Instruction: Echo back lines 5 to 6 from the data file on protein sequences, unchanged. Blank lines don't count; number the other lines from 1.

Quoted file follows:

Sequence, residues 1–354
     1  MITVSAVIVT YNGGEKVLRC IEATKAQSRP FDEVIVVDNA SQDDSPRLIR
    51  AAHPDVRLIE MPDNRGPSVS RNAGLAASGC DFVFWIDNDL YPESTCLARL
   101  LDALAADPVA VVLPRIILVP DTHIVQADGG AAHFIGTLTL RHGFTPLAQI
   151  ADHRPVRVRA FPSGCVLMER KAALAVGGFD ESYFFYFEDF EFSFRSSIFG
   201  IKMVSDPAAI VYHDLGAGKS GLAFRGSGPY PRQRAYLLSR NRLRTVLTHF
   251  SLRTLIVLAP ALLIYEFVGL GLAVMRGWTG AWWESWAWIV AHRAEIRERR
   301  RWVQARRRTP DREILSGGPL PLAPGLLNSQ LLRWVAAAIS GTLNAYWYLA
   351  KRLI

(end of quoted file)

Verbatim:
   151  ADHRPVRVRA FPSGCVLMER KAALAVGGFD ESYFFYFEDF EFSFRSSIFG
   201  IKMVSDPAAI VYHDLGAGKS GLAFRGSGPY PRQRAYLLSR NRLRTVLTHF